I have no doubt that the majority of parents want the best education possible for their children. I don’t know any parents that want their kids to fail, yet there often seems to be an unwillingness to explore different possibilities. I am so grateful God rocked the boat of our lives and didn’t allow us to be comfortable where we were. A year and a half into homeschooling and our kids are thriving. They are able to pursue their unique interests, because there is time for it. If we have a particularly busy season, we can postpone a test and take it at a time when our kids are ready. If they grasp a concept easily, they don’t have to wait to move on to the next. Likewise, if they don’t understand something, we have the opportunity to take the time they need or figure out the best way to learn it.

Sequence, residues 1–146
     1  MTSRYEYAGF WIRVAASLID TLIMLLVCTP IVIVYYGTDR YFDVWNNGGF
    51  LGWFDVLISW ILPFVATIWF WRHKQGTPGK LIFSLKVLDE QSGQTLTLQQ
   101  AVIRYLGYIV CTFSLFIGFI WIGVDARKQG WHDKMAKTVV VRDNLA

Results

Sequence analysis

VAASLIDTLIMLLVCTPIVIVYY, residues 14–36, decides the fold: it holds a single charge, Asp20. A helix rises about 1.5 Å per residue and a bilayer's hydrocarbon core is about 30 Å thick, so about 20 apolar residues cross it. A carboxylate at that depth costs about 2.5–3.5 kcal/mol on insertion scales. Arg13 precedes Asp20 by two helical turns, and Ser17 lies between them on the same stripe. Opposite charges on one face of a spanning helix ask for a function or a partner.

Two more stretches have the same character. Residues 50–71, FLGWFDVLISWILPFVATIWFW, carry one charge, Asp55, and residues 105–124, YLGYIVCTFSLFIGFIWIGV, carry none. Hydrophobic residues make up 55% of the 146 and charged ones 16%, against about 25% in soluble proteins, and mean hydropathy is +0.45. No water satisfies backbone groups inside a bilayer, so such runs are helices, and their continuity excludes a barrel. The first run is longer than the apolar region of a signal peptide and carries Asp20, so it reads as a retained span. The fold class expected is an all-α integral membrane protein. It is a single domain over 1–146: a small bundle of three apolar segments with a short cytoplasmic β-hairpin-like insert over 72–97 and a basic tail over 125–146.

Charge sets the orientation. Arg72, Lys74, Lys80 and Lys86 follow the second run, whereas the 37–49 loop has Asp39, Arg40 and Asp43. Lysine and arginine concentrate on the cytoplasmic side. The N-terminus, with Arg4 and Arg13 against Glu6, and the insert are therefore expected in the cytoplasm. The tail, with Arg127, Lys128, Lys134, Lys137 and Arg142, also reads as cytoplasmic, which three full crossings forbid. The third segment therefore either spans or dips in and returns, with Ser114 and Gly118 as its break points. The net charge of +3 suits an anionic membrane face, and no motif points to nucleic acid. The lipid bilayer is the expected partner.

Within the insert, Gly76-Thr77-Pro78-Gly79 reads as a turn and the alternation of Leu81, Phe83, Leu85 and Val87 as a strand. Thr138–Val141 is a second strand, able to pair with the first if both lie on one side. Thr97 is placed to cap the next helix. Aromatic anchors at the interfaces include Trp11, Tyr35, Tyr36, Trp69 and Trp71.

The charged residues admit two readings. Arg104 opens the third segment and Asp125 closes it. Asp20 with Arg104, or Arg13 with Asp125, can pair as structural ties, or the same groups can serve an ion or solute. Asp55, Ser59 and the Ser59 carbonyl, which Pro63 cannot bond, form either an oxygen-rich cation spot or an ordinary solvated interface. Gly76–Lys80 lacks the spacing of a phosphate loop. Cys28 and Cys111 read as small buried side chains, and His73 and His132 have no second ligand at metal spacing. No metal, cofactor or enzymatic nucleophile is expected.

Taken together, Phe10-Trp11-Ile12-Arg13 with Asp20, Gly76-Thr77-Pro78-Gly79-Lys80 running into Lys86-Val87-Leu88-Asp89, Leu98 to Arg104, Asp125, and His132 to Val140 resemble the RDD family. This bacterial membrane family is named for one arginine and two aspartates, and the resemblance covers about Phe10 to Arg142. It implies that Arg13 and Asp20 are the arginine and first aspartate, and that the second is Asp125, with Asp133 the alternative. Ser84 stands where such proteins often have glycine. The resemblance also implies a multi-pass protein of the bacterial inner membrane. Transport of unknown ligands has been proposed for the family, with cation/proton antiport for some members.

I don’t believe that homeschooling is the best way for everyone to educate their children. I still believe wholeheartedly that parents need to be seeking God’s will for their families and then they need to be willing to follow where He leads. I believe God’s timing is always perfect and I am so grateful for the way He continues to lead our family, but many of the parents I speak with have had the opposite leading in their lives; they started homeschooling and now are sending their kids to private or public schools.

What I do think is crucial to a good education is a willingness to question how it’s always been done. As Susan Wise Bauer states at the beginning of “Rethinking School”,

Realize that the way we do school is entirely unnatural. And when your child struggles, think about how to flex the system, before you start trying to adjust the child. (pg. 4)

And this…

The system, even when excellent teachers are laboring within it, defies adaptation. (pg. 10)

 

I am so grateful that we were forced to rethink school. The benefits to our kids are beyond what I ever imagined. When something doesn’t work, we are able to adapt and we are not confined to fitting our “round” kids into a “square” hole.

Have you ever had to rethink school? Are you rethinking it now? What answers did you find or what questions do you have?